"America's Sweethearts"

We want to see Julia Roberts and John Cusack together, but this mostly terrible romantic comedy forgets the part where the leads fall in love.

Published July 20, 2001 7:00PM (EDT)

In the great romantic comedies, falling in love is never about abandoning yourself to some fluffy romantic daydream. It's about embarking on a journey that is going to demand meeting one challenge after another, work that can be both hard and painful -- sort of like love itself.

In the classics, like "The Lady Eve," if the pain of love comes through in comedy even more forcefully than it would in drama, it's because it filters out of a stylized, idealistic luxe surrounding. The opening of "The Lady Eve," for example, takes place aboard an ocean liner, a floating art deco playground with Henry Fonda in whites and tans, all primed for a shipboard romance. He finds it, only to have his heart broken by Barbara Stanwyck. In the first sensible thing he does in the whole movie, he heads to the bar and orders straight scotch. It doesn't matter that it's breakfast time, or that it burns all the way down and tastes like gall to him. He doesn't expect to enjoy it.

It's also breakfast time in the new "America's Sweethearts" when Julia Roberts has her heart broken. But instead of heading for the Dewar's, she heads for the breakfast buffet, goes off her diet with sausages and pancakes and waffles, and then gets daintily sick.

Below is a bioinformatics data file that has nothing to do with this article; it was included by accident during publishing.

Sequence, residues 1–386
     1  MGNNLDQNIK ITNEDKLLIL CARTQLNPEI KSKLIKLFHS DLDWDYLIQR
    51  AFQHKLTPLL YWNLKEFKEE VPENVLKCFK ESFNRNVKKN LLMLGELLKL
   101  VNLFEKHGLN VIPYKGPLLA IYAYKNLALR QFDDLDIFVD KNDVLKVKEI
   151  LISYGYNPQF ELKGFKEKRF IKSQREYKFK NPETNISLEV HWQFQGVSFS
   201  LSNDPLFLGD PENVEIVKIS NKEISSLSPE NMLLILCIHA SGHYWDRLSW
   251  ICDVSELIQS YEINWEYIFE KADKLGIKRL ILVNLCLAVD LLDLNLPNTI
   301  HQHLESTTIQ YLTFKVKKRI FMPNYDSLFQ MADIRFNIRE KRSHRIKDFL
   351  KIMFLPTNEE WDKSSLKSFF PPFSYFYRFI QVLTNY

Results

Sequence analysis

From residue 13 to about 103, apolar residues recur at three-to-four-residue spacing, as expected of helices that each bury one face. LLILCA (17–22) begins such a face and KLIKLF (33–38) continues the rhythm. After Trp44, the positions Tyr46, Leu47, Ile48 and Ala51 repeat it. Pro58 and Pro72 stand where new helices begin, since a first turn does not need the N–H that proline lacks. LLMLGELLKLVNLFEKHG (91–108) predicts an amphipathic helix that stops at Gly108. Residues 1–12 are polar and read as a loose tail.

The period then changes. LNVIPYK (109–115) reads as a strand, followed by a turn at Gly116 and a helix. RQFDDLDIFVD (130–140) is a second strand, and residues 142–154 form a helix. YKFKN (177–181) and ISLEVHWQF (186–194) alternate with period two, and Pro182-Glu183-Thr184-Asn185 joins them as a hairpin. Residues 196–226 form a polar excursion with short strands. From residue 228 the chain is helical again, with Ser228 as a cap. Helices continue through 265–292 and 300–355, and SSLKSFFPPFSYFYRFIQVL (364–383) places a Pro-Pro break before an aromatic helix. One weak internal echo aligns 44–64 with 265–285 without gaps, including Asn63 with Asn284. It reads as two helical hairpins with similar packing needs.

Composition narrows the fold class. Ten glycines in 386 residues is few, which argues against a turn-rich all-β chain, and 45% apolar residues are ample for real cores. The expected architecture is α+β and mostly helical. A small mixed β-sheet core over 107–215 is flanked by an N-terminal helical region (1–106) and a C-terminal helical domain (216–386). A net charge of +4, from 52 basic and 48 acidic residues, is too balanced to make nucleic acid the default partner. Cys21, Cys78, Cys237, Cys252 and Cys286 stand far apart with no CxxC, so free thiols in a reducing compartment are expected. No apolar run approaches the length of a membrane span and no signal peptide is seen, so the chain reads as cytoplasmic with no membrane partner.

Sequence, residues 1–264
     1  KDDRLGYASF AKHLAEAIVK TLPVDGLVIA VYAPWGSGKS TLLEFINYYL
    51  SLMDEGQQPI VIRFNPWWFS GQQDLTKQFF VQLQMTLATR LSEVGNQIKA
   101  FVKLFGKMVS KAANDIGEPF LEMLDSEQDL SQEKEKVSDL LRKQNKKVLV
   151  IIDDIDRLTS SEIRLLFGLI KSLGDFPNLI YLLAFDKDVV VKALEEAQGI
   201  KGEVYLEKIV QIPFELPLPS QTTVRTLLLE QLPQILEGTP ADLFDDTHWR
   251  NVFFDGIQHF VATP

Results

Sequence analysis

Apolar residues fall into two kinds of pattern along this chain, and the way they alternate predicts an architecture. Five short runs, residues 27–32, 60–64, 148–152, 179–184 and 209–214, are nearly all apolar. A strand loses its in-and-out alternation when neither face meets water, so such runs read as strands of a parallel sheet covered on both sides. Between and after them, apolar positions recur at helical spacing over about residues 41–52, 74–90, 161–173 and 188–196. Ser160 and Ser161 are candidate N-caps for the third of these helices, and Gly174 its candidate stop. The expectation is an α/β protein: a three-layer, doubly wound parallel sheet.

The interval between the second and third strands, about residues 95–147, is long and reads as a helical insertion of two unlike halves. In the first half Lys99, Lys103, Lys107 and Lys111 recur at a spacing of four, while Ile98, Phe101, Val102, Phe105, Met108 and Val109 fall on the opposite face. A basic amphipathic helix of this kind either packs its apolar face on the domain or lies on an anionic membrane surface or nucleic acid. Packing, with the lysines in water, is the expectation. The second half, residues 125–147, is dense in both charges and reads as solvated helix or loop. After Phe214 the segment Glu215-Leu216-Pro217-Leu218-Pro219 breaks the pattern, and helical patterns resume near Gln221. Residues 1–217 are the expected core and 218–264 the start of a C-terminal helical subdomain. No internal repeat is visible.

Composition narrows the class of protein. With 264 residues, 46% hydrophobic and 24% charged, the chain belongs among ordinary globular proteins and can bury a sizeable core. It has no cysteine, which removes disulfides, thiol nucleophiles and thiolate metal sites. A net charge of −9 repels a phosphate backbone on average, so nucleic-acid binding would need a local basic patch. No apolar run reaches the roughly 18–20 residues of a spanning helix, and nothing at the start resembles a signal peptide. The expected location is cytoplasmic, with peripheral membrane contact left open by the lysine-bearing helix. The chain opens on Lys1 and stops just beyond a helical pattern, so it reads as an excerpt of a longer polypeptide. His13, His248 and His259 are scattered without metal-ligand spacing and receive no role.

It may be unfair to compare "America's Sweethearts," which is just a disappointment, with the greatest romantic comedy ever made. But from the opening shot -- a leatherbound scrapbook with the movie's name engraved in gilt, a shot meant to recall studio movies of the '30s and '40s -- the movie sets itself up for the comparison. And considering what passes for romantic comedy these days, "America's Sweethearts" isn't all that bad. It has a better-than-average cast, a snappy, promising premise and several gifted crazies among the supporting cast.

Yet it's mostly terrible. The movie has no sparkle, no charm, nothing to sweep us off our feet. There are good bits and flashes of real nuttiness -- like the inspired notion of casting Alan Arkin as an Indian guru, his Jewish Everyman shrug transformed into serene Deadheaded acceptance of the universe -- but after a while, I began to resent sitting in my seat like a beggar waiting for crumbs.

The premise of the movie is that Hollywood's leading romantic couple -- both on- and off-screen -- have broken up. Eddie Thomas (John Cusack) and Gwen Harrison (Catherine Zeta-Jones) are megastars who make movies that, to borrow a phrase from Terry Southern, are all smash at the box. But when Gwen dumps Eddie for Hector, a Latin gigolo (whose macho posturings are undermined by Hank Azaria, giving the character a silly little Castilian lisp), and starts making movies on her own, they all tank.